FOMO and Its Fallout: How Social Medias Impact Your Mental Health

FOMO and Its Fallout: How Social Medias Impact Your Mental Health

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Social Media's Impact on Mental Health

In today’s digitized era, social media has seamlessly woven itself into the fabric of our daily existence. It not only facilitates connections with loved ones, sharing of memories, and global interaction but is also a commonplace fixture for students maturing in this digital age.

Many students devote considerable time daily to navigating their social media feeds. While this platform offers numerous advantages, it also corresponds with a rising concern regarding mental health issues, especially among the youth. FOMO, or the “Fear Of Missing Out,” and its repercussions play a significant role in this alarming trend. While the concept of FOMO is not new and has existed as long as human comparison has, the proliferation of social media has exacerbated its impact.

What is FOMO?

FOMO refers to the anxiety stemming from the perception of potentially missing out on exciting or significant events. It’s a sentiment especially prevalent among students who feel they aren’t on par with their peers regarding academic accomplishments, social engagements, or personal development. The omnipresence of social media has augmented FOMO’s reach, positioning it as a primary factor behind mental health conditions like anxiety, depression, and burnout among students.

Related Terms

In the wake of FOMO, several analogous terms have emerged:

  • FOBO (Fear of Better Options): Apprehension about overlooking superior alternatives.
  • MOMO (Mystery of Missing Out): Anxiety about missing out, without clarity on what’s being missed.
  • ROMO (Reality of Missing Out): Acknowledgement of not missing out on anything significant.
  • FOJI (Fear of Joining In): Reluctance to share on social media due to fear of inadequate engagement.
  • JOMO (Joy of Missing Out): A counterpoint to FOMO, it symbolizes contentment in disengaging or staying disconnected from social media.

What Research Indicates

With the ubiquity of social media platforms, the susceptibility of students to FOMO and its subsequent effects has heightened.

  • According to a study jointly conducted by Aligarh Muslim University and the Indian Council of Social Science Research (ICSSR) titled “Smartphone Dependency, Hedonism and Purchase Behaviour: Implications for Digital India Initiatives,” it was found that college students in India, driven by anxiety and FOMO, checked their smartphones over 150 times daily.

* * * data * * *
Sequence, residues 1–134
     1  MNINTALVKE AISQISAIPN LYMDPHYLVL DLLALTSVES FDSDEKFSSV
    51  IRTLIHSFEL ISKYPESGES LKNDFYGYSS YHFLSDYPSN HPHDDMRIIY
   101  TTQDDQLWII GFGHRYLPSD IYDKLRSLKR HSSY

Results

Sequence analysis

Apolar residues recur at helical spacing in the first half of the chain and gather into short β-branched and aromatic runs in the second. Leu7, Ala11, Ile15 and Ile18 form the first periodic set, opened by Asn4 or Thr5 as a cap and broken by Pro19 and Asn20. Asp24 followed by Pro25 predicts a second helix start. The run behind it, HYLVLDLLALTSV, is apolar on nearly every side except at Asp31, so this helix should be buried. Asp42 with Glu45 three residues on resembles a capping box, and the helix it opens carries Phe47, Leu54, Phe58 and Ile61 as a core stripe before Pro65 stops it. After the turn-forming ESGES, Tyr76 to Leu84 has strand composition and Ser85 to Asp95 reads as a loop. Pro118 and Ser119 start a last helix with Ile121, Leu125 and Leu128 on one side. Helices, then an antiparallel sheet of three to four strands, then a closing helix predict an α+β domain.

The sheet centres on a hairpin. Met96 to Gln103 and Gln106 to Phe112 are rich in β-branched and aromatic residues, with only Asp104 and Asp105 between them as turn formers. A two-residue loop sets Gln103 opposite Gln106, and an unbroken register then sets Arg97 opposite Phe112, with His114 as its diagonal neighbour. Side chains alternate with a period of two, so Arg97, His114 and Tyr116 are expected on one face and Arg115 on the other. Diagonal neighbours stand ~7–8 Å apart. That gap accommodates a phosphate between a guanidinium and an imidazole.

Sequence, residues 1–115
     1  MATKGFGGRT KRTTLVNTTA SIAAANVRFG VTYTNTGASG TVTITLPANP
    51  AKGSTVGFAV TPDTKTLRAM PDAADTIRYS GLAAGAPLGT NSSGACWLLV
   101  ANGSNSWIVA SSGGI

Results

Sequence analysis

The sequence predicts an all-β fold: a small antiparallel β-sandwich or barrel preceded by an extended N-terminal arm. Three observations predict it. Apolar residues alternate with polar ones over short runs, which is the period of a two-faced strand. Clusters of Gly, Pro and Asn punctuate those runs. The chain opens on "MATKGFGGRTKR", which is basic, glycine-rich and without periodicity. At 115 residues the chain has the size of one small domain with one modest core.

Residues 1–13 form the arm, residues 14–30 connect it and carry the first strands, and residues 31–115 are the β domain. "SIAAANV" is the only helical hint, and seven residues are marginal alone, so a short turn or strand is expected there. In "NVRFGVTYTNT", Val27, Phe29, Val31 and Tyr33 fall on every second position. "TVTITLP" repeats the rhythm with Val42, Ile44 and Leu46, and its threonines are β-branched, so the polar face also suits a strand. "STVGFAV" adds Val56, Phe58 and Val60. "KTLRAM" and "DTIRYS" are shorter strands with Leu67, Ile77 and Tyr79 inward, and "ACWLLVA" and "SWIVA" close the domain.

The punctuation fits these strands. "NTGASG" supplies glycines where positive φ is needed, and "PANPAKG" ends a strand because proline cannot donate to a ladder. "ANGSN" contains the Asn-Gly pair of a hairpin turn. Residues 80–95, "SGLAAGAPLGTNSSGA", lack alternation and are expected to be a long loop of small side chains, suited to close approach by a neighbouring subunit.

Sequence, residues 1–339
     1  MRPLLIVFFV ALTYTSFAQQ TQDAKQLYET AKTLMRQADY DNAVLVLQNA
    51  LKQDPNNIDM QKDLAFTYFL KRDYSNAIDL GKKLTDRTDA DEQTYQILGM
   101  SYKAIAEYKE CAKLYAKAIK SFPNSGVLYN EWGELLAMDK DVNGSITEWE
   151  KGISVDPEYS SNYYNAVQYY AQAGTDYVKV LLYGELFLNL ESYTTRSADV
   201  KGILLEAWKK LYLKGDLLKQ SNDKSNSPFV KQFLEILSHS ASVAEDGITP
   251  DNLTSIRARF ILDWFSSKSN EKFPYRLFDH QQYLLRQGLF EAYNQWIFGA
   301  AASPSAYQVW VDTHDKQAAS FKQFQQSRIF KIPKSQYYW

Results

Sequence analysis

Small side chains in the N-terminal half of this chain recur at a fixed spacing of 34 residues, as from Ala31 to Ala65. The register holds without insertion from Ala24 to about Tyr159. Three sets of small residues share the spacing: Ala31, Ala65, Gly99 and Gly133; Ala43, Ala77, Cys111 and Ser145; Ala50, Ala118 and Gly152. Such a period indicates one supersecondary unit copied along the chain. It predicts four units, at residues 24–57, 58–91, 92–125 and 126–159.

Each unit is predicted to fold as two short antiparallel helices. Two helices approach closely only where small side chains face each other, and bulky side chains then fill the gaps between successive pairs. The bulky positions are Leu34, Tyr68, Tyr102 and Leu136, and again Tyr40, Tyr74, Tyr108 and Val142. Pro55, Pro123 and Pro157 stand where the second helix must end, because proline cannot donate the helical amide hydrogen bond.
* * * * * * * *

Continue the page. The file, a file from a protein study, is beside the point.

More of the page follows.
• The Department of Health and Human Services has pointed out that while social media has its merits, research indicates youths spending in excess of three hours daily on such platforms are at twice the risk of confronting adverse mental health outcomes.

Also Read: Why are the young people NOT OKAY?

General notion among students

There is a prevalent belief among students regarding the benefits of social media. Some of these perceived advantages include:

  • A sense of greater acceptance and belongingness through social media interactions.
  • Opportunities to provide support and assistance to peers.
  • A platform to exhibit and share their creative skills and talents.
  • Enhanced connectivity with their friends and awareness of their activities. Consequently, an over-reliance on these platforms often leads to the phenomenon known as FOMO (Fear of Missing Out).

Irony of FOMO

The underlying issue with FOMO is its often elusive nature. Many students might not associate their underlying anxiety with the fear of being excluded from peer activities. This nebulous feeling of discomfort and restlessness may be misdiagnosed, thereby making it challenging to address the root cause.

Moreover, the design of social media platforms, with their notifications, likes, and other engagement-driven features, propels students to remain continuously active and invested. The embedded pressure to stay updated, coupled with the fear of missing out on something pivotal or exhilarating, can foster an obsessive pattern, further spiraling into mental health issues such as anxiety, depression, and burnout.

FOMO: Symptoms and behavioural patterns

Platforms like Instagram, Twitter, and Facebook, with their incessant influx of content, foster an environment conducive for students to contrast their lives with their peers’. Such patterns are clear indicators of FOMO, drawing students away from real-life engagements.

The subsequent behaviours and signs might be evident:

  • Students may become trapped in a detrimental cycle of perpetual comparison, self-evaluation, and the pressure to curate a pristine online persona, often divergent from their authentic self.